As the Orioles offense sputtered over the past month, there's always been the promise that once the temperature started to rise in Baltimore, the balls might start carrying at Camden Yards and the Orioles could get back to their winning ways buoyed by their power bats.
And in this weekend's interleague series against the St. Louis Cardinals, sweaty summerlike weather arrived, and so did the Orioles offense.
The teams combined for 22 homers over three games, and the Orioles hit four Sunday off Cardinals right-hander Lance Lynn in an 8-5 win that gave the Orioles (34-34) their first three-game series win since taking two against the Boston Red Sox at home in the first days of June.
"Since I've been here, I've never seen the ball carry like it carried today," Orioles manager Buck Showalter said.
The victory gave the Orioles consecutive wins for the first time since June 6-7 against the Pittsburgh Pirates and put them back at .500 on the season at 34-34.
"Real important," said right fielder Seth Smith. "Every win's important. They feel a little more so after a tough stretch. In reality, we need to start winning some games and everybody knows that, so it's good to win the last two."
Right-hander Ubaldo Jiménez, inserted back into the struggling starting rotation mostly by circumstance, gave the Orioles their deepest start since June 1, walking off the field to a standing ovation from the announced 34,854 at Camden Yards after completing seven innings of two-run ball.
The only runs off Jiménez were homers by Stephen Piscotty. Otherwise, Jiménez — making his first start since May 22 after four relief appearances since — worked around some early deep counts to become the first Orioles starter to complete seven innings in 16 games. It was Jiménez's second quality start in nine starts this season and his first since April 19 at Cincinnati.
"We benefited too," Showalter said of the carry the ball had Sunday. "The one ball that Piscotty hit out to right field, I turned my head, I was talking to [Wade] Miley at the time. I looked back again and Adam [Jones] was still moving. We have days like that here. I agree with [former Orioles catcher and MASN analyst] Rick Dempsey. I don't think there is a tougher place to play in the summer for about a month than this place. We've been pretty lucky the last couple of years where we haven't gotten as much of it. But today, that put a challenge on you."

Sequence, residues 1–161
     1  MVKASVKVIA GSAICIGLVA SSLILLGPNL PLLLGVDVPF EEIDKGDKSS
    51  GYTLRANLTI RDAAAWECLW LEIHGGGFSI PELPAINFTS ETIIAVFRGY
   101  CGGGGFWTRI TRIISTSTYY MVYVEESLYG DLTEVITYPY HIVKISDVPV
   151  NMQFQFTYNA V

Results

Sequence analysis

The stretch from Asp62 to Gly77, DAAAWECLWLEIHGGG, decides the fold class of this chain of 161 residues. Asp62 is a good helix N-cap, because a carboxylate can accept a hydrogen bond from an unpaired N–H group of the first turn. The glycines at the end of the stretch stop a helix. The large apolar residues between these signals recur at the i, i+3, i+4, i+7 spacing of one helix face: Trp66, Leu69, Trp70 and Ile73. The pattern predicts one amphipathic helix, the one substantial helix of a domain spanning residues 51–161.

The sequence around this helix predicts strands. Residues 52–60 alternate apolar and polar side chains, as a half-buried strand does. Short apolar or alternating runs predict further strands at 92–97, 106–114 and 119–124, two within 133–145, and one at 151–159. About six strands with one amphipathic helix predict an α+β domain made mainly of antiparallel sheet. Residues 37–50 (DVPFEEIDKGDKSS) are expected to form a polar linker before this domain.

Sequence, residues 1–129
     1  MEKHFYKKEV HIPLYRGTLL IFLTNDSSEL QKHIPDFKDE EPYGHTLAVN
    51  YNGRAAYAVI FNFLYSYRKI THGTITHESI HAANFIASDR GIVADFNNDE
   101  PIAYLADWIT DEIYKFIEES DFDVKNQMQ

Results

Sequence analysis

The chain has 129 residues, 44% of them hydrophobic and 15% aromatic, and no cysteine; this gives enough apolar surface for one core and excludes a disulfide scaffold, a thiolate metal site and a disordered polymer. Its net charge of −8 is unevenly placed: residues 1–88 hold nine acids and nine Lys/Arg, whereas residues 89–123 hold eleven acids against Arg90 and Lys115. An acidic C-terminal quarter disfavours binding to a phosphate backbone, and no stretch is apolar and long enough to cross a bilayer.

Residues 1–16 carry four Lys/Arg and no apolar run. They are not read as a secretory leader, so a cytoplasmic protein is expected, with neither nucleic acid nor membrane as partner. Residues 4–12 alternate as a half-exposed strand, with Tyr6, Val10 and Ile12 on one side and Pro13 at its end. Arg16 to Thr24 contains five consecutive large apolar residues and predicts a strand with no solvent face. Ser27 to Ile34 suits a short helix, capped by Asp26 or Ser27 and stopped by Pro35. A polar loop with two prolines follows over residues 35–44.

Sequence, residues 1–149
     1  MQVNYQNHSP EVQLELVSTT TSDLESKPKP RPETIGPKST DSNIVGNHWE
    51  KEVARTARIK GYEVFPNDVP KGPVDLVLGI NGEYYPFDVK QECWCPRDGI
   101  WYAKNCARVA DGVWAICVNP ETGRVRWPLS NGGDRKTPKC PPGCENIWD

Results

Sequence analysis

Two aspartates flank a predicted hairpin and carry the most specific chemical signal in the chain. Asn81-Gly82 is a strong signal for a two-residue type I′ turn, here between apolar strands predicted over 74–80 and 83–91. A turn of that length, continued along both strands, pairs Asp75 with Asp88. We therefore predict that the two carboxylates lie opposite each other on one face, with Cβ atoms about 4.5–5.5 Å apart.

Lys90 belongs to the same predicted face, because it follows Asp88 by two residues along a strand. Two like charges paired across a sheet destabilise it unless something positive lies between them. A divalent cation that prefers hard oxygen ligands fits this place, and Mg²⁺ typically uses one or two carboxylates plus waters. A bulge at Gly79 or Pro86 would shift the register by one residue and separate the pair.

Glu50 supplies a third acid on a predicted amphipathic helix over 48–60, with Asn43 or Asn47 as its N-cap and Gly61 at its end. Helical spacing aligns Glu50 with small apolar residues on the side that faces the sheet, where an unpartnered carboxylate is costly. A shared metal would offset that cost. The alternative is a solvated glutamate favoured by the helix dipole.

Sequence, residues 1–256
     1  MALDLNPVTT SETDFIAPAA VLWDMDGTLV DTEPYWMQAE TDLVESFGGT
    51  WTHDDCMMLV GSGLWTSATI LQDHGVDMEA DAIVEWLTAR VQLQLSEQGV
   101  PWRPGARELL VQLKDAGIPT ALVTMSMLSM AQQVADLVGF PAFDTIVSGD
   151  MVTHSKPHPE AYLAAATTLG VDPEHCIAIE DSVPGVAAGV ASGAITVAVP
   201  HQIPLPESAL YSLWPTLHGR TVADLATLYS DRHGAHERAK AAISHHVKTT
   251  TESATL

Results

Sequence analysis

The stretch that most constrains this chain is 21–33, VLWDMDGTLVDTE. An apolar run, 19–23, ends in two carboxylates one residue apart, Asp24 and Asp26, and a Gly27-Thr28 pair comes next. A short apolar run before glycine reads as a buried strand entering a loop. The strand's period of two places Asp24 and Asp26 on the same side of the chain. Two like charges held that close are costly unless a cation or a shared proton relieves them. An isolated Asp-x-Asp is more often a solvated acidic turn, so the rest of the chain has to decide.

Loving the long ball
The Orioles claimed the series behind nine combined homers Saturday and Sunday, and Sunday's fireworks came off Lynn, who entered the afternoon fourth in the National League in ERA (2.69). Lynn was holding right-handed hitters to a .135 batting average — the second lowest mark in the NL — but three of the four homers hit off him Sunday were by right-handed hitters.
Smith took Lynn's eighth pitch of the day over the center-field fence for his third leadoff homer of the season. After Piscotty homered in the top of the second, Trey Mancini led off the bottom of the second with his 12th homer of the season, taking a full-count sinker the opposite way over the right-field scoreboard.
The Orioles piled on with four runs in the fifth, an inning that included a two-run homer by Mark Trumbo and a solo blast from Welington Castillo that chased Lynn from the game. The four homers off Lynn were a career high.